The City of San Luis Obispo Police Department suspended the use of the carotid restraint on Monday.
The action is part of a review of police department practices and responses to questions posed by the community. The suspension goes into effect immediately until further review.
The report addresses questions posed by Mayor Heidi Harmon and community members including R.A.C.E. Matters SLO as well as information police department policies as they relate to the #8CANTWAIT initiative.
"The senseless and shameless killing of Mr. George Floyd is an unfortunate reminder of systemic injustice in society that must be addressed," said Police Chief Deanna Cantrell. "Our department acknowledges there is further work to do and values its community relationships."
The report indicates that police department practices meets six of the eight areas identified in the #8CANTWAIT initiative including:
- Requiring officers to de-escalate situations, where possible, by communicating with subjects, maintaining distance, and otherwise eliminating the need to use force.
- Requiring officers to give a verbal warning in all situations before using deadly force (when feasible).
- Requiring officers to exhaust all other alternatives, including non-force and less lethal force options, prior to resorting to deadly force.
- Requiring officers to intervene and stop excessive force used by other officers and report these incidents immediately to a supervisor.
- Establish a Force Continuum that restricts the most severe types of force to the most extreme situations and creates clear policy restrictions on the use of each police weapon and tactic.
- Require officers to report each time they use force or threaten to use force against civilians. Comprehensive reporting includes requiring officers to report whenever they point a firearm at someone, in addition to all other types of force.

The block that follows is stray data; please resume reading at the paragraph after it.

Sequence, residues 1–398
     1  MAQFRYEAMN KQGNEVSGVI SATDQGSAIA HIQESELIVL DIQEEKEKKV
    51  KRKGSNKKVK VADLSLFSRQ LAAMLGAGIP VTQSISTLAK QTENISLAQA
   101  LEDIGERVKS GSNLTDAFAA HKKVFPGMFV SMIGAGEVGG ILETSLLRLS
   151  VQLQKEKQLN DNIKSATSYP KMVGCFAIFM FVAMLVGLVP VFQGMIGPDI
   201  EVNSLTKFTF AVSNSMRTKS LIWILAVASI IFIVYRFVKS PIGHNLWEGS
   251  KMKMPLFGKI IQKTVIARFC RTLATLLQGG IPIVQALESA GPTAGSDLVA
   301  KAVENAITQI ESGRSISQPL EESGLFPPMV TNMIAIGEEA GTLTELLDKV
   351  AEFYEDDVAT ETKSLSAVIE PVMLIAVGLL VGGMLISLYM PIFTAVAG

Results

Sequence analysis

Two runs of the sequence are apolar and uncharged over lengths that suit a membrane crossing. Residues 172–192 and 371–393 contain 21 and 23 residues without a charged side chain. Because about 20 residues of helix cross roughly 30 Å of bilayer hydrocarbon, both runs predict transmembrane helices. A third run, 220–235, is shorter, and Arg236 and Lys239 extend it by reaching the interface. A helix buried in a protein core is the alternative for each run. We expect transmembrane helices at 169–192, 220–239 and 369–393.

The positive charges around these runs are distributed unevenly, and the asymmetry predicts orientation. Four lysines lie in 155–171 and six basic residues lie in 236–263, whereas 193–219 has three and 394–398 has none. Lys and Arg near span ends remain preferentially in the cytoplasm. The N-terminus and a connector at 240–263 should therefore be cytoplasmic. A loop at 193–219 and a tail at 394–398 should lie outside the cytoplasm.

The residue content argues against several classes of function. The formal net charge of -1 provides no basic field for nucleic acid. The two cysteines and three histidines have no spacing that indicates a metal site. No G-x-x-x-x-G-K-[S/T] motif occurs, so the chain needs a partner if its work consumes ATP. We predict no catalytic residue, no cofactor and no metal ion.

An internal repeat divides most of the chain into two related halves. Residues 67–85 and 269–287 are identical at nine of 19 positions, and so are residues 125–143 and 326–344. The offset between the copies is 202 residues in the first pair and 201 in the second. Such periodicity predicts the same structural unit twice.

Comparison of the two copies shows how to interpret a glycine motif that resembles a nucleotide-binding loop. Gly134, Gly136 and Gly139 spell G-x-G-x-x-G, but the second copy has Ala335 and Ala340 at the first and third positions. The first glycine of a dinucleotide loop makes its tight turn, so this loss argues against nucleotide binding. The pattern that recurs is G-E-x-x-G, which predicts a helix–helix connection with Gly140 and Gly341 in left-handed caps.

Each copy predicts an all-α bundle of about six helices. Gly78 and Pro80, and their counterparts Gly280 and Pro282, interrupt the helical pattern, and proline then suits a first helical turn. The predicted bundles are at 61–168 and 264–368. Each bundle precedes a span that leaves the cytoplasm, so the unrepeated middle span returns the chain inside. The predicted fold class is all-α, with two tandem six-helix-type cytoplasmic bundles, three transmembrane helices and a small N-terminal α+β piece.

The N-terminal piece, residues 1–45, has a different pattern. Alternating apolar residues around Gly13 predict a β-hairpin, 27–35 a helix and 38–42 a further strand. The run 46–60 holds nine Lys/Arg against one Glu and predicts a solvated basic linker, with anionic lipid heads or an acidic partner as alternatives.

San Luis Obispo Police Captain Jeff Smith said the technique was not commonly used among officers in the department.
"The carotid restraint is a technique I'd say we rarely use," Capt. Smith said. "It's one that, again, you're typically engaged in some type of fight or someone who is very uncooperative. In the last two years, I only know of one incident where it was even attempted to be applied."
The police department says it meets the intent of the remaining two areas and looks forward to engaging with the community on those topics. Chokeholds and strangleholds have never been allowed by the department.
The report also includes information on work the police department has undertaken over the past several years to connect with marginalized groups in our community including the establishment of Police and Community Together (PACT). PACT was started by the department in 2017 with the goal of fostering open, honest communication between marginalized community members and Police to engage in tough conversations in a safe and civil forum about topics that are relevant and recurring.
The information will be presented to the City Council on Tuesday June 16, at the City Council meeting and the report is available on the City's website. Community members can participate in the remote meeting and can provide public comment in one of the following ways:
- Public comment can be sent via U.S. Mail to City Clerk at 990 Palm Street San Luis Obispo, CA 93401.
- Comments sent before 3:00 PM on the day of the meeting can be emailed to email@example.com. Comments sent after 3:00 PM should be limited to one page and can be emailed to firstname.lastname@example.org, which will then be read aloud during the public comment period on the item specified.
- Comments can be shared verbally. In advance of the meeting, call (805) 781-7164 to leave a comment up to three minutes. During the meeting, participants can join the webinar and put their name and item number they would like to speak on in the questions box.